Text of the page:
Navigation Links
NASA celebrates a decade observing climate impacts on health of world's oceans
Date:9/19/2007

GREENBELT, Md. -- The NASA-managed Sea-viewing Wide Field-of-view Sensor (SeaWiFS) instrument settled into orbit around Earth in 1997 and took its first measurements of ocean color. A decade later, the satellite's data has proved instrumental in countless applications and helped researchers paint a picture of a changing climate. NASA recognized the satellite's tenth anniversary today with briefings at the Goddard Space Flight Center in Greenbelt, Md.

NASA and GeoEye's SeaWiFS instrument has given researchers the first global look at ocean biological productivity. Its data have applications for understanding and monitoring the impacts of climate change, setting pollution standards, and sustaining coastal economies that depend on tourism and fisheries.

"SeaWiFS allows us to observe ocean changes and the mechanisms linking ocean physics and biology, and that's important for our ability to predict the future health of the oceans in a changing climate," said Gene Carl Feldman, SeaWiFS project manager at Goddard.

Researchers used SeaWiFS data to identify factors controlling the unusual timing of the 2005 phytoplankton bloom in the California Current System that led to the die-off of Oregon coast seabirds. The blooming tiny microscopic plants are key indicators of ocean health, form the base of marine food webs, and absorb carbon dioxide a major greenhouse gas from Earth's atmosphere.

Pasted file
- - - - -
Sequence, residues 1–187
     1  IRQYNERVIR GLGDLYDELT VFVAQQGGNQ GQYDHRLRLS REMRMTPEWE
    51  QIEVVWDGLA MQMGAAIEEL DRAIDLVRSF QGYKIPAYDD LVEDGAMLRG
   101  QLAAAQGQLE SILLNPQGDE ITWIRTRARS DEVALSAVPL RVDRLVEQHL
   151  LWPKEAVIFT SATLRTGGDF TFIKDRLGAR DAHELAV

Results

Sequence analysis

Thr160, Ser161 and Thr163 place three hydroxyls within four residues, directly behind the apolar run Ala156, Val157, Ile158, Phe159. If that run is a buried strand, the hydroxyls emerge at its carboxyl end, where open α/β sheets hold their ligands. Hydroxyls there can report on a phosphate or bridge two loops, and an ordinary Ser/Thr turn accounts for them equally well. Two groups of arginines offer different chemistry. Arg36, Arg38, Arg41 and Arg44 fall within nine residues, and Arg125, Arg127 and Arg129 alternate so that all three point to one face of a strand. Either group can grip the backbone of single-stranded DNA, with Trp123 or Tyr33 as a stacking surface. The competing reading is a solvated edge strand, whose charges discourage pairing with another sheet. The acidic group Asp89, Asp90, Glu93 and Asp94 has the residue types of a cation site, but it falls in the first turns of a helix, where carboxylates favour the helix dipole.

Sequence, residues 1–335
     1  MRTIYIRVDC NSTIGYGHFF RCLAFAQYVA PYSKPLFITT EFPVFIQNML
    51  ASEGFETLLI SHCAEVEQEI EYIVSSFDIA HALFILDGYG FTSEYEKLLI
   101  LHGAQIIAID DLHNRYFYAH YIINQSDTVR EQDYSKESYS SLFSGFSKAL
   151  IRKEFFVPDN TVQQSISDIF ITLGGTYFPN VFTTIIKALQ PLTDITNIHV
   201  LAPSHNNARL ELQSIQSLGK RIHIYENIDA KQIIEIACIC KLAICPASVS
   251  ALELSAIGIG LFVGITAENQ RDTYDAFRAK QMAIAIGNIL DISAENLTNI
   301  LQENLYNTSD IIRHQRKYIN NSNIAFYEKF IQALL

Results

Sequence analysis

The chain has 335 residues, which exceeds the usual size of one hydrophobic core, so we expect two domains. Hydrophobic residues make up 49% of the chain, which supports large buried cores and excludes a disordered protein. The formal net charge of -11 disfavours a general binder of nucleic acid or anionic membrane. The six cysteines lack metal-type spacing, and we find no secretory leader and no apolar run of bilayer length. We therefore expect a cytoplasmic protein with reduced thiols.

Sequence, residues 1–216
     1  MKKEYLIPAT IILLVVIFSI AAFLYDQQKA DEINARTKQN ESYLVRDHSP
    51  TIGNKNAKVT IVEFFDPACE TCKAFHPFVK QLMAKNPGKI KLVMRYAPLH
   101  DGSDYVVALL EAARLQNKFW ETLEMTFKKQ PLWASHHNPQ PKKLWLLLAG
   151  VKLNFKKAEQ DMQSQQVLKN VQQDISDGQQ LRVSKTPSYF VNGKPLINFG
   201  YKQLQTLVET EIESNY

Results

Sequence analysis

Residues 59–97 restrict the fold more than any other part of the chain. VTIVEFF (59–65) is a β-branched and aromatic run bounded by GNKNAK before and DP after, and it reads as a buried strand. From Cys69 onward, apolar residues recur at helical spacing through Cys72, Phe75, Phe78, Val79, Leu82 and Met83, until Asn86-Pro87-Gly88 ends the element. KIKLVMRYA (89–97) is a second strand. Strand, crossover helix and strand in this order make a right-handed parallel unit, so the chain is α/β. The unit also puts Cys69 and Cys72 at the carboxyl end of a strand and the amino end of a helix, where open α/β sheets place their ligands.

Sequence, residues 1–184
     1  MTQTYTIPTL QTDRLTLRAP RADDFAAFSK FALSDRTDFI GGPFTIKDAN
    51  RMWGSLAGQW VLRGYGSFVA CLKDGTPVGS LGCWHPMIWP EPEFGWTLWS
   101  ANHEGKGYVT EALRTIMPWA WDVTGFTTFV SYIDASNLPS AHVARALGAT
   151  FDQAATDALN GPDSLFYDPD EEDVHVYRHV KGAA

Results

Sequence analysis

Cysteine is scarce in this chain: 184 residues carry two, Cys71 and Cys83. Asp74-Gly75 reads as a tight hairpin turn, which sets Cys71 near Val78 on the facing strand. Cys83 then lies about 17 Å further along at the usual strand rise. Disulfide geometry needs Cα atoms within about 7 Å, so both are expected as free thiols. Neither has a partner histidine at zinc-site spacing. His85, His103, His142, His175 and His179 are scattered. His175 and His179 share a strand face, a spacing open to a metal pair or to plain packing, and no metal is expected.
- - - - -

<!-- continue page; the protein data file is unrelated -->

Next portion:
"Long-term observations of the California coast and other sensitive regions is essential to understanding how changing global climate impacted ecosystems in the past, and how it may do so in the future," said Stephanie Henson of the University of Maine, lead author of a study published last month in the American Geophysical Unions "Journal of Geophysical Research Oceans." "This type of large-scale, long-term monitoring can only be achieved using satellite instrumentation," she added.

The SeaWiFS instrument orbits Earth fourteen times a day, measuring visible light over every area of cloud-free land and ocean once every 48 hours. The result is a map of Earth with colors spanning the spectrum of visible light. Variations in the color of the ocean, particularly in shades of blue and green, allow researchers to determine how the numbers of the single-celled plants called phytoplankton are distributed in the oceans over space and time.